General Montgomery is mourned. Massachusetts elects five delegates to Congress for 1776.
Journals of the Continental Congress [Edited]
A letter from Lord Stirling, dated 27th January, one from the Committee of Trenton, dated the 30th, one from Colonel St. Clair, of the 27th, and another from Colonel Maxwell, of the 31st of January, were introduced and read.
A committee of two–William Livingston and James Wilson—was appointed “to confer with Colonel Maxwell respecting the state of his regiment, and report the means of facilitating and hastening his march.”
Dr. Cadwalader and Dr. Shippen submitted their report on the physical confinement and health of General Prescot.
Resolved, That the prisoners who have been enlisted into the continental army, be discharged, and that no more be enlisted.
The committee, to whom sundry letters were referred, on the 27th from General Washington and others, submitted their Report.
The committee appointed to confer with Colonel Maxwell, brought in their report. Congress ordered that Colonel Maxwell’s regiment “be supplied by any arms and necessaries in said battalion, and marched off for Canada, and that the other companies be furnished and marched as soon as possible.”
The Congress, taking into consideration the letter from Lord Stirling,
Resolved, That the captain and mates of the transport Blue Mountain Valley, be permitted to return to England.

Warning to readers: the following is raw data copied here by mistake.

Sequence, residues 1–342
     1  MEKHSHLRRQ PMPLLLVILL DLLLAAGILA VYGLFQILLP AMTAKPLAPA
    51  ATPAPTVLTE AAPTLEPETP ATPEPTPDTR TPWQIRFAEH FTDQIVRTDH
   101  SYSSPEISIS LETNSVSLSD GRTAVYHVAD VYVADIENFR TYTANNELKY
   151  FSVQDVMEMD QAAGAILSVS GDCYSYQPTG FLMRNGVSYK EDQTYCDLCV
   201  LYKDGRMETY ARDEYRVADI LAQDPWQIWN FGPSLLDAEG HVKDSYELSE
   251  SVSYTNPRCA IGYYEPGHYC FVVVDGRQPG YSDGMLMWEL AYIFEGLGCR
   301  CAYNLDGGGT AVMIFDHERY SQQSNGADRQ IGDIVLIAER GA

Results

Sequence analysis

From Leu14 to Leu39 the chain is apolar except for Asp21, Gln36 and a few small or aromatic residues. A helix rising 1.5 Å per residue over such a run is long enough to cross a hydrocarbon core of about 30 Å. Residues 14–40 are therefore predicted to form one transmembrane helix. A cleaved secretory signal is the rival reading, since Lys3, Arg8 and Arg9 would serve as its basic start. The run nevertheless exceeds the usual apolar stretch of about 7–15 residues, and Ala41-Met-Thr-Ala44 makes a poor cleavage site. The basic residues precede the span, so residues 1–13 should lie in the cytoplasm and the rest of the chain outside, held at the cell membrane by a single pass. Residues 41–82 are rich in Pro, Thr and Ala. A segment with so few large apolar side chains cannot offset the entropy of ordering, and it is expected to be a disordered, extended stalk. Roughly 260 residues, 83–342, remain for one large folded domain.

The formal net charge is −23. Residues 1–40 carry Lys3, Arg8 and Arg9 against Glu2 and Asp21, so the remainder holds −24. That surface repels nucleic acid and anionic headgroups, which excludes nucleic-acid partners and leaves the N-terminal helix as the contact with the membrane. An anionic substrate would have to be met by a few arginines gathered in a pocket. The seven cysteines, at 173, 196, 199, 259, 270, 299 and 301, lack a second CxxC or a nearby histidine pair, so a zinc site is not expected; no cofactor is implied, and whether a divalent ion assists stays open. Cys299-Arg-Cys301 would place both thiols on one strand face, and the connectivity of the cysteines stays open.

The delegates for Massachusetts in Congress selected for 1776 are John Hancock, Samuel Adams, John Adams, Robert Treat Paine, Elbridge Gerry.
Adjourned to 10 o’Clock tomorrow.
James Duane to Robert R. Livingston
The Congress impressed with the highest Sense of Gratitude to their favorite General [Montgomery] for his eminent Services, have unanimously resolved to erect a monument sacred to his memory, which is to be finished in the most elegant manner in France under the Direction of Doctor Franklin. The place where it is to be erected is not determined, your Friends Wishing to know your Opinion in this particular, which will I believe have great weight. [Editor’s Note. General Montgomery was married to Livingston’s older sister, Janet.]
Thomas Lynch to Robert R. Livingston
“The whole city of Philadelphia was in tears. Every person seemed to have lost his nearest relative and heart friend.”
Edited with commentary by Gordon Lloyd.